A major determinant of the normality of gait is the time relation between the swing and the stance phases. A normal individual walking at approximately 80 steps per min. spends 0.53 sec. in the swing phase and 0.94 sec. in the stance phase. The subject of this study, walking at approximately the same speeds, displayed a gait pattern not significantly different from the normal. At 83 steps per min. he spent 0.52 sec. in the swing phase and 0.92 sec. in the stance phase; at 77 steps per min. he also spent 0.52 sec. in the swing phase but increased his stance-phase time to 1.04 sec.

A comparison between the swing and stance times of the right and left legs provided a measure of the symmetry of his gait; that is, the degree of similarity between the timing and rhythm of each leg. This was expressed as a ratio of swing-to-stance time for each leg, as follows: Table 1

It may be seen that the subject walked with reasonably equal, normally timed steps. At 83 steps per min., swing and stance times were quite normal, and the ratio 0.562 was quite close to the normal ratio 0.552. However, at 77 steps per min. the patient's swing- to stance-time ratio fell to 0.493, demonstrating the effect of increased stance time at 77 steps per min. (1.04 sec. as against .92 sec. at 83 steps per min.). Thus, he attained optimum symmetry as regards swing and stance times at approximately 83 steps per min.

Although not necessarily a temporal factor, stride length also provided a good measure of gait normality. Stride length is the horizontal distance between successive heel contacts by the same leg. Variations in the length of stride reveal asymmetrical patterns as well as deviations from the normal which may not be shown in a study of the swing and stance times. The following is a comparison of the patient's stride length with that of a normal person at comparable cadences. Table 2

Clearly indicated is the shorter-than-normal stride length typical of this patient's gait. Although the minor variation in stride length with changing cadence is quite comparable to the normal variation, it tends to change inversely; that is, normal stride length increases slightly with cadence while the subject's stride length decreased slightly with increased cadence. This was attributed to the effect of an increased stance time at the lower cadence permitting a longer step to be taken with the opposite leg.

Kinematic Factors

In general, the displacements of hip, knee, and ankle were not substantially different from the normal, as shown by the similarity of the waveforms depicted in Fig. 8. Differences in phase-that is, in the occurrence of significant events such as toe off-were primarily due to variations in cadence and to the inability of the patient to plantarflex his ankle. In order to achieve a smooth transition from heel contact to foot flat, he flexed his knee excessively with respect to normal values, and extended slowly through the range until toe off. The net result was to prolong stance phase.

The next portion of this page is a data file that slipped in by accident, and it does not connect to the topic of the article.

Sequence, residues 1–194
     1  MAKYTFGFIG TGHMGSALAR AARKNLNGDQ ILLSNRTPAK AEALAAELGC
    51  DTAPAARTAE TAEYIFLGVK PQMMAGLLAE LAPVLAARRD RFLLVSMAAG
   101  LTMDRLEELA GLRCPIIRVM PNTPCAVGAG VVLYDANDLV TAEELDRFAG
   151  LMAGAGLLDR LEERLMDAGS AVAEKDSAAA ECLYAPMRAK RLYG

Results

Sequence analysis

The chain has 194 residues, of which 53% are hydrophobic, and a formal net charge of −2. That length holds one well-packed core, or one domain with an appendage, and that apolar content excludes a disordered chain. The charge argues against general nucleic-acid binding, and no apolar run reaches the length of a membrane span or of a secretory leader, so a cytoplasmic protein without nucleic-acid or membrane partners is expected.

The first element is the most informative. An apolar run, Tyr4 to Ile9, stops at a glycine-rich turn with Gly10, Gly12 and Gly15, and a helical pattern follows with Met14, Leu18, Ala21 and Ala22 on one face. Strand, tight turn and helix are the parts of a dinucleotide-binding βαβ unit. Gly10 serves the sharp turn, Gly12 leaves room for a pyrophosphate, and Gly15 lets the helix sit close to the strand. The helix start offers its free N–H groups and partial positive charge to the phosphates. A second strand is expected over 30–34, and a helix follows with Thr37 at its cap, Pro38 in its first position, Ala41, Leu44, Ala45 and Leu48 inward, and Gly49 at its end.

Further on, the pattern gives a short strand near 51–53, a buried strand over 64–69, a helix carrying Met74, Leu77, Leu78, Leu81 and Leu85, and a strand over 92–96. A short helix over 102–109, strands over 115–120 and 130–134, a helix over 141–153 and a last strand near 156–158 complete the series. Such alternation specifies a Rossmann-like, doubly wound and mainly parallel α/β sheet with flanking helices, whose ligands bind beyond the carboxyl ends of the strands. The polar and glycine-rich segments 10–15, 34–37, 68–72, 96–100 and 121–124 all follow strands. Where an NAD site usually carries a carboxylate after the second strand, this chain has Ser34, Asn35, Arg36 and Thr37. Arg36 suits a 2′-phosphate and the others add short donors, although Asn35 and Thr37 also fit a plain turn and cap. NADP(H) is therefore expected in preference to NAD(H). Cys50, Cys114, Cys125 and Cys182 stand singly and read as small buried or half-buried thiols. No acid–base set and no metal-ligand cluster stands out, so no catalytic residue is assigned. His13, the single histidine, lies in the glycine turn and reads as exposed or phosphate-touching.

Patient Reactions And Experiences

Time of Wear

The subject wore both braces approximately 13 hr. a day, five of which were spent in activities involving walking. With the old braces,

he used axillary crutches and a swing-through gait, resting every 10 to 15 min. With the new braces he did not use crutches in the house or for walking short distances outside the house. He did use crutches and a swing-through gait for longer distances, traveling continuously (without intervening rest periods), up to one and a half hr.


With the old braces he was subjected to constant pain and ache; the weight-bearing braces gave no pain but caused swelling and considerable itching, particularly of the right leg.


With the old braces and crutches he was completely dependent on others for carrying packages, as when shopping or handling chores around the house. The below-knee, weight-bearing braces allowed him to discard the crutches and to carry small packages, to shovel snow off his sidewalk, and to carry out trash. The subject attached a great deal of importance to this type of activity as it represented a level of independence which permitted him to contribute substantially to the management of his home.


With the old braces he could kneel in church; with the new braces he was not able to flex his knees sufficiently to kneel.


This analysis revealed that the below-knee, weight-bearing braces unweighted the subject's left foot to an extent varying with the phase of the walking cycle between 96 per cent and 60 per cent of his total body weight. The load on the right leg was reduced by 25 per cent of the body weight throughout the stance phase. This adjustment permitted the patient to discard his crutches for reasonably long distances and to walk without them in a fairly normal manner. As a result of his increased mobility and freedom from crutches, his activity patterns broadened, and his sense of independence improved.


  1. Contini, Renato, Prosthetics research and the engineering profession, Artificial Limbs, September 1954, pp. 47-76.
  2. McIllmurray, William J., and Werner Greenbaum, Patellar-tendon-bearing socket for weight-bearing braces, Veterans Administration Prosthetics Center, New York, January 3, 1961.
  3. McIllmurray, William J., and Werner Greenbaum, The application of SACH foot principles to orthotics, Orthop. and Pros. Appl. J., December 1959, pp. 37-40.
  4. Peizer, Edward, Socket flexion and gait of an above-knee, bilateral amputee, Artificial Limbs, Autumn 1963, pp. 43-49.

O&P Library > Artificial Limbs > 1965, Vol 13, Num 1 > pp. 35 - 44